Scattered showers briefly return to Southern California ahead of a cool, dry week

A pedestrian crossing a street in downtown Los Angeles is silhouetted against the snow-capped San Gabriel Mountains.
A pedestrian, crossing a street in downtown Los Angeles, is silhouetted against the snow-capped San Gabriel Mountains.
(Allen J. Schaben/Los Angeles Times)

As storm systems continue to sweep across Northern California, the Southland will be getting a bit of a reprieve. The gray skies Sunday will bring a light rain, less than one-tenth of an inch, and the week ahead will be mostly dry and slightly warmer.

Calling it a “nuisance rain,” Mike Wofford, a meteorologist with the National Weather Service in Oxnard, sees showers diminishing by afternoon. Snow levels — less than an inch in the mountains — are expected to drop to 4,000 feet.

“We’re getting the fringes of a storm system centered to the north,” Wofford said. But “that should be the end of it.”


With communities in the San Bernardino Mountains still buried by snow and facing a critical shortage of supplies, the forecast for the days ahead — blue skies, white clouds, highs in the low 60s — should come as a relief, and while there is a chance of rain next weekend, “we’re not saying a whole lot about it,” said Wofford. The models are still uncertain.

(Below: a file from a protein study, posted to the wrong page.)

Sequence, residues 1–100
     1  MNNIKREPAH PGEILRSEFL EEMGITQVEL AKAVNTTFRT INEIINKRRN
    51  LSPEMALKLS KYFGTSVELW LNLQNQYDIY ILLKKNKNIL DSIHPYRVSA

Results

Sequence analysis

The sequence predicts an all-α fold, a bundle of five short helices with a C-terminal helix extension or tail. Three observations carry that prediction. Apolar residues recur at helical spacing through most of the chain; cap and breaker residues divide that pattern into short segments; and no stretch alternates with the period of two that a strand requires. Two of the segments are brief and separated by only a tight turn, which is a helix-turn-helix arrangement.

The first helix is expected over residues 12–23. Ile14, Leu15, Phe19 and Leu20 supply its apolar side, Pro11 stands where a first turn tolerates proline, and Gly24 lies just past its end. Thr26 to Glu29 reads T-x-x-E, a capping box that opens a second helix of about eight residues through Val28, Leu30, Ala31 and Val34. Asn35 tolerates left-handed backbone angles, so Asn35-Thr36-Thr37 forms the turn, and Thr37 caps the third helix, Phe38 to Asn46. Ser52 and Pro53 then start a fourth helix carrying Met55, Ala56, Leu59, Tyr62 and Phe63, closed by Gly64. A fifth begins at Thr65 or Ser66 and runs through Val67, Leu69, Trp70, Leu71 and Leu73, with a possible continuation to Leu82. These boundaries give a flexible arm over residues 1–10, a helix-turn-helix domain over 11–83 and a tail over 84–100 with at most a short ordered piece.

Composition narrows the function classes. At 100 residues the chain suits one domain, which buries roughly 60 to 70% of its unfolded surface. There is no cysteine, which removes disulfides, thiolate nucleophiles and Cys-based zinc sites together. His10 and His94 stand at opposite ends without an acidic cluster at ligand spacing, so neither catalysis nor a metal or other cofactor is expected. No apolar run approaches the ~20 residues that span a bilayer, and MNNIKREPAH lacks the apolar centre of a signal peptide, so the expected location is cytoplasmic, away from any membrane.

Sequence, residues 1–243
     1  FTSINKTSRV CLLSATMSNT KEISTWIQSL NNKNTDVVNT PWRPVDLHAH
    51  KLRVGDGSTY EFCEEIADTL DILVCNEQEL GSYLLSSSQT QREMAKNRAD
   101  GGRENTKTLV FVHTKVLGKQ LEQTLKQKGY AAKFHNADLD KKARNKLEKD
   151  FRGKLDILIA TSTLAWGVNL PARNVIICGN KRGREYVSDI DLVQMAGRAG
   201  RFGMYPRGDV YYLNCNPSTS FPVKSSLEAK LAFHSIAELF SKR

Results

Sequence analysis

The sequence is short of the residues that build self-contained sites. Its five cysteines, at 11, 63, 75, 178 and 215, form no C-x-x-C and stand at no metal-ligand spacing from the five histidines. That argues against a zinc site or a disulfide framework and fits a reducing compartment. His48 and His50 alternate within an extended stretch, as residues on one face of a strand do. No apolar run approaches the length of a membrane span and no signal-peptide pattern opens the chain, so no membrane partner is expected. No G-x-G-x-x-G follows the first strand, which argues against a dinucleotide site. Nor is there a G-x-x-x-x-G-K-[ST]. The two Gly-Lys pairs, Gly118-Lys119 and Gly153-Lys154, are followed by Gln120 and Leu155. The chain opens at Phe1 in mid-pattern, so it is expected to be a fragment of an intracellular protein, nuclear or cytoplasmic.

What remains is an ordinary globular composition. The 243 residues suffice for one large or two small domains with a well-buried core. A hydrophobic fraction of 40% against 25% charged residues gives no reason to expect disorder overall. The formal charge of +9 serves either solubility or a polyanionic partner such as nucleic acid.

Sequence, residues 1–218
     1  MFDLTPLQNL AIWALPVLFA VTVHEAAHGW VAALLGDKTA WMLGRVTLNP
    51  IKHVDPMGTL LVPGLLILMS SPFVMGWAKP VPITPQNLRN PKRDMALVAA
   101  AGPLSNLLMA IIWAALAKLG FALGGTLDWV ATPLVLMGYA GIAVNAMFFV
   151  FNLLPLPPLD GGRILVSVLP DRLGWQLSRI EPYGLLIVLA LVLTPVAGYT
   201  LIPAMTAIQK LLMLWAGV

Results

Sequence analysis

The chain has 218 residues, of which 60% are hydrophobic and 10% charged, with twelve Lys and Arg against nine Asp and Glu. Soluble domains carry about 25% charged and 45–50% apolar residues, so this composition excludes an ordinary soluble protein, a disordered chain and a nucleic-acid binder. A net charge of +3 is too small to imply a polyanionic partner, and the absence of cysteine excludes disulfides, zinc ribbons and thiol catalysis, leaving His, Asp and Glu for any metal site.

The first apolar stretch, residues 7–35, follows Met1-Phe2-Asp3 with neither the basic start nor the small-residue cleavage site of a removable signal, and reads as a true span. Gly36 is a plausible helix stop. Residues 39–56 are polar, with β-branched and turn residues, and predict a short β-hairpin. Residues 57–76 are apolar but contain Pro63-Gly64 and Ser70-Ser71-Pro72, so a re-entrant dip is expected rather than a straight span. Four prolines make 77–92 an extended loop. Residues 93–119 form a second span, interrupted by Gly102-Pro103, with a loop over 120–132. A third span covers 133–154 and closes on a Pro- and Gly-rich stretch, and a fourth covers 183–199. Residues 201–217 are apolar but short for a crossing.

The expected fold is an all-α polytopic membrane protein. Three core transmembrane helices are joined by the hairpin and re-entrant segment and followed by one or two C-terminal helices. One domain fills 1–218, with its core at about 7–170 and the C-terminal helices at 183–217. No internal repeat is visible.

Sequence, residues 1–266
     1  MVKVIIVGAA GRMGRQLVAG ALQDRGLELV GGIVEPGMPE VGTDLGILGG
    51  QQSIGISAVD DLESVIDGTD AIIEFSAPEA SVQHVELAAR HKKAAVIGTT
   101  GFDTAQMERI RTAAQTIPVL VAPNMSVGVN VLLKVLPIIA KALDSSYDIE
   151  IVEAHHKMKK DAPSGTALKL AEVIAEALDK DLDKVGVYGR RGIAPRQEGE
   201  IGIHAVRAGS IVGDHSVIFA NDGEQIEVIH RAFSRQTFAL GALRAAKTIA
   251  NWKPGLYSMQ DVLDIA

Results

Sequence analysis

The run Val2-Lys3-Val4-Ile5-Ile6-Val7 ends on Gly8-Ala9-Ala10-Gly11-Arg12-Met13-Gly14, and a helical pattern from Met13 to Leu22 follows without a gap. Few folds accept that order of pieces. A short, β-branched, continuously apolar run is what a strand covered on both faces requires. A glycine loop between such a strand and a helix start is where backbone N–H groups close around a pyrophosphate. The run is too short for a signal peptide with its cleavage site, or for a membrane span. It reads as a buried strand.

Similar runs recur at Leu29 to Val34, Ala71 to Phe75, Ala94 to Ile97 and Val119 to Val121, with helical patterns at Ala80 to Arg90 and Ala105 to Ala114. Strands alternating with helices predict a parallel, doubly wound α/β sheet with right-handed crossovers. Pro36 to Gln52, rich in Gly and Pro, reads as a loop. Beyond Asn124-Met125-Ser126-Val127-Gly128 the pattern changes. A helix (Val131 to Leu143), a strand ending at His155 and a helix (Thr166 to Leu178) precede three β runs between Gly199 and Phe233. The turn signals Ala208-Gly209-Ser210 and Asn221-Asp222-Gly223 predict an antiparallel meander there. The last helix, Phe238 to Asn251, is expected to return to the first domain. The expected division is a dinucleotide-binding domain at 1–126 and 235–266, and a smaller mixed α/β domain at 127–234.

Farther north, the forecast calls for more snow in the Sierra Nevada. The UC Berkeley Central Sierra Snow Laboratory is anticipating 2 to 4 feet more through Monday and the week ahead. The lab is reporting a season total of almost 47 feet, which is within a foot of the 2016-2017 snow season.

The return of familiar winter weather patterns is a relief to drought-parched California. The recent succession sequence of storms originated in the Gulf of Alaska, riding down the West Coast.

Wofford is reluctant to predict what lies ahead in March and April as winter turns to spring. “There is some indication that we will see heavier precipitation down the road,” he said, “but we’re focused on the short term.”